Anyway, the Fire are still mathematically in the hunt, but you have to agree that the teams above them right now are simply better. The race is done, and it’s time to start building for next year. Of course, we know Frank doesn’t play youth (speaking of, where is Atouba, and wouldn’t he have been better than 4 defensive mids late in the game against the Revs?), and he’s probably looking forward to blowing up the team yet again next offseason.

Please, oh please, someone end the Klopas Roller Coaster of Sadness.

Soumare went to New England and thought he was a midfielder (photo: chicago-fire.com)

Soumare went to New England and thought he was a midfielder (photo: chicago-fire.com)

Rob Thompson

The season is not over for Chicago Fire, but in the distance I hear the death bells ringing after the loss to New England Revolution. The Fire’s winning hot streak in MLS competition ended with this loss and left it five points off the playoff contention spot. There are still eleven games to play, and anything can happen with the remaining thirty-three points. However, it sure seems like the hammer is raised to strike the final nail in the coffin for the 2013 Chicago Fire and manager Frank Klopas.

The somewhat silver lining to the loss was that Arévalo Rios saw his first action and Juan Luis Anangonó is getting productive minutes to test his mettle and fitness against MLS competition.  Also, Sherjill MacDonald has left the building. Dilly Duka is proving he’s is playmaker from the outside midfield. Every time he gets the ball he tries to make something happen by attempting to beat his man with his mad dribbling skills.

The bad news is there was very little cohesion from this Fire team last Saturday night. Now, there is little room left for mistakes. The defense needs to be sharper, the midfield needs to have more vision, and the strikers need to be killers if the Fire wants to advance to the playoffs.

T.J. Zaremba

My initial reaction was to try and be hopeful.  After all, the Men in Red have been getting results in league play of late.  The optimist in me said that Saturday night was just a bad night, on a terrible field, in a terrible stadium. But my eyes told me something different.

So, I took an analytical approach to the question at hand, and I concluded that it’s time to fold up the tent.  I think ESPN even named a crappy show after the Fire’s current position.  It’s called “The Numbers Never Lie”.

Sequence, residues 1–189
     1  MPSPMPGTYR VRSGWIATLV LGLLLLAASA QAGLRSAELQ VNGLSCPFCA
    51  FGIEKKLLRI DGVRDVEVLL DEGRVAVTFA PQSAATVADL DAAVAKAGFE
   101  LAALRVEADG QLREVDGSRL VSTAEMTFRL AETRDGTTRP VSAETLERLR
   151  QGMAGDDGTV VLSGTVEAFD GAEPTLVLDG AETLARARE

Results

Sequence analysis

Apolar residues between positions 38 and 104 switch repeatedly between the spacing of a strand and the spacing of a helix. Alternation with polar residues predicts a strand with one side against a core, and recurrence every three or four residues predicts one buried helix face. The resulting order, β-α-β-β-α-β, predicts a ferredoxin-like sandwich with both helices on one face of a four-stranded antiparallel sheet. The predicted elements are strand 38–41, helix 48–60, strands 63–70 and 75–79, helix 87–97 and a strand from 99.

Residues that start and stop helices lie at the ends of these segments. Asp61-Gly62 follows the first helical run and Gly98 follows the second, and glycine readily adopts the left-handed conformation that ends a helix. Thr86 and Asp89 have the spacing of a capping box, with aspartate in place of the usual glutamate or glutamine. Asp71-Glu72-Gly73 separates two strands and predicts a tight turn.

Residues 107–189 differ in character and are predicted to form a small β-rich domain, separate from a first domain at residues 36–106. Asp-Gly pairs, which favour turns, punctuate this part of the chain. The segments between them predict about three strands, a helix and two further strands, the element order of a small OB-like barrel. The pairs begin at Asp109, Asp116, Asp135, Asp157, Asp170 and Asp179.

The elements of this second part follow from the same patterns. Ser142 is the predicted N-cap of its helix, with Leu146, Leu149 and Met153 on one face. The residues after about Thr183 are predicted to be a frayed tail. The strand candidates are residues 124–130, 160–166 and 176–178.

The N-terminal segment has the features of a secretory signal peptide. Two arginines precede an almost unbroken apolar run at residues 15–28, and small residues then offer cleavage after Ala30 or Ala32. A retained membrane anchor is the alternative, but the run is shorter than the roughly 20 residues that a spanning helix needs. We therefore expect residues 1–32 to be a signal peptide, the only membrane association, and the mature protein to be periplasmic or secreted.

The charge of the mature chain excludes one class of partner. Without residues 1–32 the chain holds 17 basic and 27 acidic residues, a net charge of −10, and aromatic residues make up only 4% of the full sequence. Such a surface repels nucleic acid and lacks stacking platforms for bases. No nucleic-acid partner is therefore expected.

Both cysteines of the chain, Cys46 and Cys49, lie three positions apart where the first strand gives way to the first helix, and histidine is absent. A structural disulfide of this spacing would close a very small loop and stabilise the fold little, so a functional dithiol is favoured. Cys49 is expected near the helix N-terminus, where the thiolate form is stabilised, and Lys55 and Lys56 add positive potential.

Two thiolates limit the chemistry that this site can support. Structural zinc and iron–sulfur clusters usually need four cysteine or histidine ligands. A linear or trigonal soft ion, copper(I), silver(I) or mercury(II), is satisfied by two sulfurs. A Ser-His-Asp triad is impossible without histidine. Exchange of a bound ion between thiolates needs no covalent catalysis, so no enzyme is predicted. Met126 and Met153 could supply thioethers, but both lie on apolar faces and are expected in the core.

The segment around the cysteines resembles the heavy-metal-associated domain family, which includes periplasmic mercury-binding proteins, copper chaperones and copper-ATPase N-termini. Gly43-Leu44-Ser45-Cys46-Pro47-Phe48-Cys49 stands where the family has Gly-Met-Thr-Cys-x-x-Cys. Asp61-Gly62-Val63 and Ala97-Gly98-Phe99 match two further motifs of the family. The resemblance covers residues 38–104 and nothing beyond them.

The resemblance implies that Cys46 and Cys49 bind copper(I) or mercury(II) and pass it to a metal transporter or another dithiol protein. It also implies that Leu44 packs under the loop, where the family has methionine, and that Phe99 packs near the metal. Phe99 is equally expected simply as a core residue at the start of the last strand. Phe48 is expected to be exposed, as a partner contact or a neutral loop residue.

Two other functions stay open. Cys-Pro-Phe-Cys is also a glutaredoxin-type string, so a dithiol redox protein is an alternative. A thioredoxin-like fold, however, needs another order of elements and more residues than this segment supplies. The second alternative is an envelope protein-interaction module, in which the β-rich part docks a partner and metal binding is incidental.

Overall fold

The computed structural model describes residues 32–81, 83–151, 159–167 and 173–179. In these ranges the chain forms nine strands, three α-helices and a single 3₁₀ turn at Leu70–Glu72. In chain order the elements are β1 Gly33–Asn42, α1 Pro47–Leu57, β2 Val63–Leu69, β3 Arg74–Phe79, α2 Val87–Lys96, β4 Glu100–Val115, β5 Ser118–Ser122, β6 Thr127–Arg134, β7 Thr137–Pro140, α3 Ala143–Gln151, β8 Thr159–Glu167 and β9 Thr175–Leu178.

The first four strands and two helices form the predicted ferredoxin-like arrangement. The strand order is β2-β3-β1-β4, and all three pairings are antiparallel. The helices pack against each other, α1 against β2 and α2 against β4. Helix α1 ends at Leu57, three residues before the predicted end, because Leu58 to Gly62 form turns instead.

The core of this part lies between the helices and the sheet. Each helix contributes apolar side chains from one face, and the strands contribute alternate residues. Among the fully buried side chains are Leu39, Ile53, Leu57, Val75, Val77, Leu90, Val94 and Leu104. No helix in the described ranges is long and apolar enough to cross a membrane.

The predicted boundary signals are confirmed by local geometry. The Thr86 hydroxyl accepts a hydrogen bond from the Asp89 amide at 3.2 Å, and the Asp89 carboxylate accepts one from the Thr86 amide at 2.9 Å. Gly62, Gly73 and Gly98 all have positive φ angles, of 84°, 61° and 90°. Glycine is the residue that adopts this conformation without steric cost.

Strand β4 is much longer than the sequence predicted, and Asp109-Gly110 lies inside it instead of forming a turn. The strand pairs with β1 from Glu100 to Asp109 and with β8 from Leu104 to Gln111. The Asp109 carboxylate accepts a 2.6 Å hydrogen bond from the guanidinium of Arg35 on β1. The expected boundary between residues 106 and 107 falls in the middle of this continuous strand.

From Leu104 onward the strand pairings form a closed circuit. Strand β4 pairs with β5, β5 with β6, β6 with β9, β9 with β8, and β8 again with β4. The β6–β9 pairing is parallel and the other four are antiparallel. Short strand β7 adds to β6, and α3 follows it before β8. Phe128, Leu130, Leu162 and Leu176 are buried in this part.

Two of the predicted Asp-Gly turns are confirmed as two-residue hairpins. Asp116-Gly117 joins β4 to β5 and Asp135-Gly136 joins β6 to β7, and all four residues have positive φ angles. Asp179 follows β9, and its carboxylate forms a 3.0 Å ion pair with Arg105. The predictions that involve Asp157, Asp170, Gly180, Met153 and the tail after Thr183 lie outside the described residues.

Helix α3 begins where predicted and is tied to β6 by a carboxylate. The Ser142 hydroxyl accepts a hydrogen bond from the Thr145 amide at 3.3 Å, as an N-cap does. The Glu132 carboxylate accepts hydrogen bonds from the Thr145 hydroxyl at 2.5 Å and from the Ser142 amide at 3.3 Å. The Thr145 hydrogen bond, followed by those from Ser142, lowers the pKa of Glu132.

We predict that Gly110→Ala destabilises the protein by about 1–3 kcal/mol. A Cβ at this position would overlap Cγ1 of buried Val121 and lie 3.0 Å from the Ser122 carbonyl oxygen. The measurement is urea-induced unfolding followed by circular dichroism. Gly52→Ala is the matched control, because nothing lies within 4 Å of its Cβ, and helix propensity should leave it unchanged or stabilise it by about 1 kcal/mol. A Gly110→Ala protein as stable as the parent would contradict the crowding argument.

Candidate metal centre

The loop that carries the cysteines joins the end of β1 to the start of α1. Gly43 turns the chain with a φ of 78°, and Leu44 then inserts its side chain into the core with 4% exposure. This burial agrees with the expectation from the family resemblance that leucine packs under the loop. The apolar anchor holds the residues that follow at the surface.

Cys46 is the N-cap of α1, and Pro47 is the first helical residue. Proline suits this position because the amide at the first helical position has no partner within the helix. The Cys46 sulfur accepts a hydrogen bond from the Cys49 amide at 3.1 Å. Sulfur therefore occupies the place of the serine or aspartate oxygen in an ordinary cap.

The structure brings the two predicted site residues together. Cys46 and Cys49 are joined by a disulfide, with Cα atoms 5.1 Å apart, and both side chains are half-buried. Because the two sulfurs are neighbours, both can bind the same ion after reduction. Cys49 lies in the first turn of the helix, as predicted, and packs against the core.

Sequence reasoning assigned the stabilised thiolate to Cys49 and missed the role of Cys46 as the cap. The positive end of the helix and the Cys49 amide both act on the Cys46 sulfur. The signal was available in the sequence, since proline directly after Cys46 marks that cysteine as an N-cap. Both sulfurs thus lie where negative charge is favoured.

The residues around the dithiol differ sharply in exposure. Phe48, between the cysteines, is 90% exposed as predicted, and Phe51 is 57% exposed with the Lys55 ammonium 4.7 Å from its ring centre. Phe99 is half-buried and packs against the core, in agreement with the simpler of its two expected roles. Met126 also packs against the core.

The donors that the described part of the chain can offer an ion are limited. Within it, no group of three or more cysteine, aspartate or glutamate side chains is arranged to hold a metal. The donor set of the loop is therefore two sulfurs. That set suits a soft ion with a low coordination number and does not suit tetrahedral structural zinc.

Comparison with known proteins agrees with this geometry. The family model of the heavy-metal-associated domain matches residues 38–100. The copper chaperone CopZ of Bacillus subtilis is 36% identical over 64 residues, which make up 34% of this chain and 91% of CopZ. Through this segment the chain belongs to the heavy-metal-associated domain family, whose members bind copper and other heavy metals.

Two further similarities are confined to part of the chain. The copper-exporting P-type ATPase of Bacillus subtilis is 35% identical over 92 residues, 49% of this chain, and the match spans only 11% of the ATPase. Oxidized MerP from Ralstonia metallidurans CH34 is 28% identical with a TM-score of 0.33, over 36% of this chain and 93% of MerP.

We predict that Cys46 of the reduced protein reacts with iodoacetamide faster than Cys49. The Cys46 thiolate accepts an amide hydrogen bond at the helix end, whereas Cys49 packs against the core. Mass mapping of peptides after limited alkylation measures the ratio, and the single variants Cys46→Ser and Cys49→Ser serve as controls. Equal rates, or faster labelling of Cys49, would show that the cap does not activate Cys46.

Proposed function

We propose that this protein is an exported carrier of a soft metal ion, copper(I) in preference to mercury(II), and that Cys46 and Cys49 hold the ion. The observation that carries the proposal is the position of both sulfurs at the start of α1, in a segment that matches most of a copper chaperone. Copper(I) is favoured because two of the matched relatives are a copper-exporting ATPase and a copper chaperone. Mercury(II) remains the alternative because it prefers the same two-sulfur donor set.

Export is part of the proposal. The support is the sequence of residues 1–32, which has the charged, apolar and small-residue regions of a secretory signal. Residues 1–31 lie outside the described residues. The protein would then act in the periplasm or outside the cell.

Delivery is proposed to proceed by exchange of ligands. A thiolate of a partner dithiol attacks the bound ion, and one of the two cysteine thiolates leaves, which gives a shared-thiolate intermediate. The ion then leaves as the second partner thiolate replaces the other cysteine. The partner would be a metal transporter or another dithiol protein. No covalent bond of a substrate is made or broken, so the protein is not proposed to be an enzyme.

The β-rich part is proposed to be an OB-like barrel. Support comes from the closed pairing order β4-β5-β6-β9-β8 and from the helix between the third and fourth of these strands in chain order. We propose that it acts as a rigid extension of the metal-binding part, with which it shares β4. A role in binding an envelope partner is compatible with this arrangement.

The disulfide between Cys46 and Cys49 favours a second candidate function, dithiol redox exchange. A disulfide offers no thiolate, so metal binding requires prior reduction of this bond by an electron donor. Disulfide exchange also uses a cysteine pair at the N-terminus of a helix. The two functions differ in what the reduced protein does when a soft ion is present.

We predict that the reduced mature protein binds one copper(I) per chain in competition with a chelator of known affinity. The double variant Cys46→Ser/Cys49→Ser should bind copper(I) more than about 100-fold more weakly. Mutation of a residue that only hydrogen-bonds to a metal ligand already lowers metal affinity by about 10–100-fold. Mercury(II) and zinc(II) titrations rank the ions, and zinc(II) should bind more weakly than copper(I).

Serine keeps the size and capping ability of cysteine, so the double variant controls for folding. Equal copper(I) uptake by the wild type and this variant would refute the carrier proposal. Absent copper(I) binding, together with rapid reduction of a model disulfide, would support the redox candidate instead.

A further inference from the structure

After this weekend, the Fire are sitting in 7th place with 31 points and 11 games to go.  Last season, it took 53 points to reach the 5th seed in the East, which is what I think it’ll take again this year.  No matter how many different ways I look at the schedule, I can’t find the 22 points they need.  In theory, the two easiest opportunities to take 3 points are at home or against teams with fewer points.  Those account for 8 of the Fire’s 11 remaining games or 24 points.  In home games vs SKC, Houston, Toronto, NE and Montreal and road games at Toronto, Cowlumbus and DC, I believe 15-18 points may be realistic.  And of the other 3 (at Red Balls, Seattle and Dallas), they may take a point. That simply doesn’t get it done.

If I’m right, hopefully a regime change follows.

****

If you’re a die-hard Chicago Fire fan who’d like to take part in the OTF Roundtable, please send Scott Fenwick an email at manonthefire97@gmail.com to find out how to get in on the conversation and make your voice heard! Cheers. 

 

One thought on “OTF Roundtable: Chicago Fire Week 26

  1. I have to agree the season is about over. The reality is that inconsistent teams are poor teams. Good teams can lose, but you have to beat them – they don’t lose because they play on artificial turf or because they’re on the road. That’s a loser’s cop out and not acceptable for a club that has a winning culture.

    This team has some good players and a good nucleus too. But I have slowly come to the conclusion that “The Kid” kan’t kut it.

    That issue will have to be taken care of in the off season. For now I will sit back and see how things play out – but it looks bad.